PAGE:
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  1. In 1924, amidst the growing fever of records that were supposed to bring individual and national prestige, Pedro Leandro Zanni, an Argentinean aviator of certain experience and mounting renown, embarked in an around-the-world flight. The endeavor, extremely daunting at the day, required needless to say serious logistic and financial support. Zanni got some official help and popular collects were organized, in order to buy two Fokker C.IV machines: a land pane christened Ciudad de Buenos Aires, and a seaplane named Provincia de Buenos Aires. Fokker's name and the fame of his company and planes grew significantly during and after WWI, so his aircraft were almost synonym of quality and reliability. Other Fokker C.IVs were used for reconnaissance duty, as mail planes and even for other (also failed) record attempt, like the famous Tacoma-Tokyo flight by Wark and Brown, in their beautiful red converted passenger machine. The tale is very long, but finally Zanni, accompanied by mechanic Felipe Beltrame, started from Amsterdam (Fokker's then base) the planned flight. Under difficult conditions and with more gills than support, Zanni covered a big part of the planned route, but suffered several mishaps and accidents, some due to external conditions and perhaps some due to his eagerness to make the whole thing work, taking some risks that didn't pay off. The machines ended up incapacitated beyond repair, and since funds and support were limited, the around the world flight was cut short in Japan, where the seaplane capsized as contemporary photos show. Nevertheless Zanni was hailed as a hero, and to some extent the world press echoed his valiant efforts. My older son and I talked about these planes as a modeling project for years, and I finally acquired two Omega Models 1/72 resin kits of the Fokker C.IV, with the idea of this joint-venture where he will model the wheel version and I the float version. Now, Zanni's Fokkers were modified machines with somewhat extended span, a third seat behind the normal two, some changes on the nose, additional windows and other minor mods, all of which need to be translated into the models. When I got the Omega Models resin kit I found it to be quite simple, even a bit Spartan perhaps. It is a correct kit but disappointingly plain (especially considering its price), for example the wings lacked any detail, no ribbing effect and not the faintest trace of scalloping on the trailing edge. Not even the prominent wing tanks engraved outlines. The fuselage sides were equally bland. The shapes seem correct and the cast is in general clean, with just a couple bubbles. The landing gear looks fragile and I think it is better replaced by metal. The same may apply for the struts. All flying surfaces are attached to their casting blocks by the trailing edge, opposite to what is customary in resin castings, since it is easier to true a leading ledge than a fragile trailing edge. Why Omega Models chose to do that, I don't know, perhaps there is a good reason (to avoid bubbles? to avoid short poors?) The feel of the kit in general is akin to a Planet Models kit, if even a bit simpler. For the price I paid for these two kits, I would say, given the cost, that they lack finesse and detail. The same money will buy a refined kit from other manufacturers, alas yet again, this is the only Fokker C.IV in town In order to convert this kit to Zanni's machines, many things need to be taken care of: -engine was different, so the nose has to be reworked and engine detail added -radiators were different -wingspan needs to be extended, most likely by means of inserting a section. -small windows need to be added on both sides of the fuselage -a third crew position needs to be drilled on the turtledeck -different marks need to be created -floats need to be provided and properly rigged for the seaplane version -a number of other small details typical of the Argentinean machines. Some changes can also be seen during the short lives of the two Argentinean Fokkers, in the markings, engine piping, tankage and other details. The parts are low in count and very basic, with none or minimal surface details: Why "glue together" these these three parts, hindering separation? As I was saying...an axle broke. In any case needed to be replaced by a metal pin: It seems the master broke and was hastily re-glued: A couple bubbles, present in most resin kits (but no all): Parts attached to the pouring block by the trailing edge? Zero ribbing or scalloping detail: No stringers for the aft fuselage nor panel lines for the front. Plain as plain: I got these floats from Khe-Kha Art Products, an excellent cast with good detail that is almost perfect for the seaplane version of Zanni's land Fokker C.IV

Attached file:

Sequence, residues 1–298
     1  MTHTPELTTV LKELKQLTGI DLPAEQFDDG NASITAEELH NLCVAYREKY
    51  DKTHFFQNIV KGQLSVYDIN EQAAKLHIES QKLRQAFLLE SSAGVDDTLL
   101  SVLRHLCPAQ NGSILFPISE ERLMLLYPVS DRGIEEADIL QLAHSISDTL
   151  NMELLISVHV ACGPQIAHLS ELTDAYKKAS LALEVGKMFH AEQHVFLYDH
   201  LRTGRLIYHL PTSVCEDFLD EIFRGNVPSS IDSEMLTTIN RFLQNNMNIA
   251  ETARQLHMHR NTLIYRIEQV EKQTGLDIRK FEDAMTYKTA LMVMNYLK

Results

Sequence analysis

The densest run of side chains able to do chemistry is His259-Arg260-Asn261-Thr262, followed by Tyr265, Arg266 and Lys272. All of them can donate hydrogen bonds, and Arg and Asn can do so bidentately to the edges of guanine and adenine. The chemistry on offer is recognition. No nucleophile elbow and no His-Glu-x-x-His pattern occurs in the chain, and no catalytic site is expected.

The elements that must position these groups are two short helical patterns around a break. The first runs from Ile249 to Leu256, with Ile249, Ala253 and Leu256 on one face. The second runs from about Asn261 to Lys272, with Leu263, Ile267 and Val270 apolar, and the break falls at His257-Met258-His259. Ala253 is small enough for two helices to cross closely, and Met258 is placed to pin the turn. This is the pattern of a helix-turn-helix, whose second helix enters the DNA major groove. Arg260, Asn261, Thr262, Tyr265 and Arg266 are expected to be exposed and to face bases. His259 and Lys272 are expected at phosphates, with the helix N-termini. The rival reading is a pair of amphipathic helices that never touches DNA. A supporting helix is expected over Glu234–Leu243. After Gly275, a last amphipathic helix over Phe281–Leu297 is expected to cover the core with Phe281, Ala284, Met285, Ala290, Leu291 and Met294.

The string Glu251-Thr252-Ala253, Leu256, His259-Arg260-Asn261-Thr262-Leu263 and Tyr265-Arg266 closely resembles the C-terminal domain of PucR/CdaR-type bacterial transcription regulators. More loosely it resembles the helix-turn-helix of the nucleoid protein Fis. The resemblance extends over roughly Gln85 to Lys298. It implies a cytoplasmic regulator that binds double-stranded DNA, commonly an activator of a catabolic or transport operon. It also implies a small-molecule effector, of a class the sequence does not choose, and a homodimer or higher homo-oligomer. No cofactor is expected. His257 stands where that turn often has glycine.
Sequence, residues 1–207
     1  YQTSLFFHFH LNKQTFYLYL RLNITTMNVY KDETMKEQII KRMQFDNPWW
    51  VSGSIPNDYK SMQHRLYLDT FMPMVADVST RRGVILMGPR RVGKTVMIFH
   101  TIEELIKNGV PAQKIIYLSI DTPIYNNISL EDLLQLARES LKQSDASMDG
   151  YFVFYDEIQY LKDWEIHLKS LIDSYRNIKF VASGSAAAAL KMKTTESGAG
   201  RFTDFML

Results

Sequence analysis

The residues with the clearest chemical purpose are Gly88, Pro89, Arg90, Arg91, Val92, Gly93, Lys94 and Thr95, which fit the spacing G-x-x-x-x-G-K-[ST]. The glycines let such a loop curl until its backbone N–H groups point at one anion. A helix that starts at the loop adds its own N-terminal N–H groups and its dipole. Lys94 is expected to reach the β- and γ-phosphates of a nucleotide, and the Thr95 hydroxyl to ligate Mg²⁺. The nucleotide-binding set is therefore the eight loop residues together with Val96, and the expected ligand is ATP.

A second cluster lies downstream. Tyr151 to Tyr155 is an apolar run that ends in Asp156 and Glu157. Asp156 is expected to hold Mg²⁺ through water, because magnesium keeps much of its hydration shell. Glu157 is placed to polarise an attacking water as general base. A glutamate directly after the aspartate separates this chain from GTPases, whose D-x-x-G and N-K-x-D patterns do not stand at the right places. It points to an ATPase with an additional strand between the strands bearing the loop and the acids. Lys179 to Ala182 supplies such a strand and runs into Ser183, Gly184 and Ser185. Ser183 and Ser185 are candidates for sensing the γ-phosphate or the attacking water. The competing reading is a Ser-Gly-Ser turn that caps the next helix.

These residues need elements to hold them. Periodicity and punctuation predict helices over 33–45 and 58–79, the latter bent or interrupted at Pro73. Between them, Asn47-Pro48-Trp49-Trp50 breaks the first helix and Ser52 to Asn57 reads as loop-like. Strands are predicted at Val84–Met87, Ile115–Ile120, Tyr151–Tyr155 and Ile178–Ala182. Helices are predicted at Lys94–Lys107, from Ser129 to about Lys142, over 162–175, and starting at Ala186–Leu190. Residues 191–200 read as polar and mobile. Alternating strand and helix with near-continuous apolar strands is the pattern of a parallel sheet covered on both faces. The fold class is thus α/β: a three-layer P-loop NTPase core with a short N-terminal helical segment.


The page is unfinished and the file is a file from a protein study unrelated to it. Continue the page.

2. This rather involving modification of the somewhat dated Special Hobby kit came finally to fruition. In spite of a few shortcomings, it is a good thing that Special Hobby released long ago this kit and included Amelia's version, if inaccurately depicted, which can anyway be corrected. I took advantage of the Arctic Decals set, which corrects inaccuracies on the original decal sheet an provides a few more details. Many hours were dedicated to research and the making of details for the model. Here is the Lockheed Electra 10E as flown by Amelia beyond the point of no return, literally. Those interested may visit the step-by-step building article here: In this particular layer of the modeling multiverse, Amelia has safely arrived to fame and glory. After this, and realizing that she had tempted luck long enough and it was time for a quieter life, she dedicated her time to further propel women's education and rights, as she has been doing before. The long-traveled Electra (a star in the Pleiades, "amber" in Greek and Agamemnon's daughter in mythology) went to a museum, despite the wishes of Putnam who wanted yet more money and promotion. As she matured, Amelia eventually distanced herself from Putnam, and retired to the countryside, to an estate with a small airstrip, where she kept flying until advanced age, receiving the visits of her many friends. She passed away in peace, as if flying beyond.